Broadband internet is a vital service for every community in Alberta. Many of our members have been clear that the level of service they receive in their community does not meet the needs of their residents and businesses. Alberta Municipalities has been supporting our members by advocating for funding for broadband infrastructure upgrades in underserved communities, and regulatory changes that will incent more broadband investment in Alberta.  

Broadband Advocacy

Alberta Municipalities’ Board of Directors sponsored a resolution at our 2021 annual convention calling on the provincial government to develop a strategy to support improved broadband service for municipalities. In early 2022, we were encouraged by the release of the Alberta Broadband Strategy. In addition to the strategy, combined funding of $780 million from the federal and provincial governments was also announced. One concern that our members raised with this funding was that it flowed through the Universal Broadband Fund (UBF). Some concerns with this approach are that the UBF closed for applications in March 2021, and that the application criteria made many communities ineligible for funding despite having low levels of broadband service.  

Alberta Municipalities successfully advocated for a more flexible approach to allow communities to apply for this funding. The Alberta Government announced in September 2022 that they would be setting aside $36 million of the previously announced $780 million to be known as the Alberta Broadband Fund, for projects in communities that were not eligible for UBF funding.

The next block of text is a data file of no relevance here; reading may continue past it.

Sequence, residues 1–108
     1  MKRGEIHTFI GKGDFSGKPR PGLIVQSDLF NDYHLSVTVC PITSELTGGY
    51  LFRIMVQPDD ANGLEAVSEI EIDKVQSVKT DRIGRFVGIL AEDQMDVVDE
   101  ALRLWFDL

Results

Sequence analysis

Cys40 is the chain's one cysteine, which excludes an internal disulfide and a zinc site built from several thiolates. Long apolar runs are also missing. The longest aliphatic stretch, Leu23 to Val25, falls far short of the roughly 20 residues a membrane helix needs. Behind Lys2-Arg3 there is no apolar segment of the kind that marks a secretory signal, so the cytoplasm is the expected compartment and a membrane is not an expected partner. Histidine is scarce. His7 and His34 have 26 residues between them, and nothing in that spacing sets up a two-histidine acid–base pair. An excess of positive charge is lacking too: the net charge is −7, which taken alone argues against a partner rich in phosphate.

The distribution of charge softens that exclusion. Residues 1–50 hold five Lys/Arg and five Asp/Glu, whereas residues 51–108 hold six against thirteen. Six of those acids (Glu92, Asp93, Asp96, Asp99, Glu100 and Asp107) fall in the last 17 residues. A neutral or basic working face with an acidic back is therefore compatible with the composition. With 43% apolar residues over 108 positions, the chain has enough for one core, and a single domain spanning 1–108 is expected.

Alberta SuperNet

To understand broadband connectivity in Alberta it is important to also understand SuperNet. SuperNet is a fibre and wireless network designed to provide broadband connectivity to public institutions across the province, such as schools, hospitals and government offices. Completed in 2005, SuperNet was a multi-million-dollar strategic infrastructure investment funded by the Government of Alberta and Bell Canada. 

The province invested in the rural portion of SuperNet but the network itself is owned almost entirely by private sector telecommunications providers and leased back to the province. The lease grants the province exclusive use of the infrastructure until 2045 with a requirement that the province pay maintenance costs. Since 2018, SuperNet has been managed and operated by Bell Canada, under contract to the Government of Alberta.

SuperNet provides one of the backbones of fibre infrastructure in the province, with numerous connection points where Internet Service Providers (ISPs) can tie into the network and deliver broadband service -- via local networks -- to homes and businesses in Alberta communities. The Government of Alberta set a base universal fee structure across the province, which means that all ISPs can access the backbone fibre infrastructure at a monthly flat rate regardless of geographic location.

In principle, this makes broadband more accessible; however, leveraging the benefits of broadband has proven challenging for communities that lack the local “last mile” infrastructure to connect to the SuperNet or any other broadband infrastructure. The high cost of such development has proven to be a major barrier for many communities. 

Alberta Municipalities worked with communities that have pursued their own broadband projects on a series of articles in our newsletter, The Weekly. The title of the series is “Solving Municipal Broadband” and our hope was that this would provide lessons learned and greater awareness of the pros and cons of pursuing a community broadband project.   

Strathcona County  

City of Brooks

Village of Delburne and Red Deer County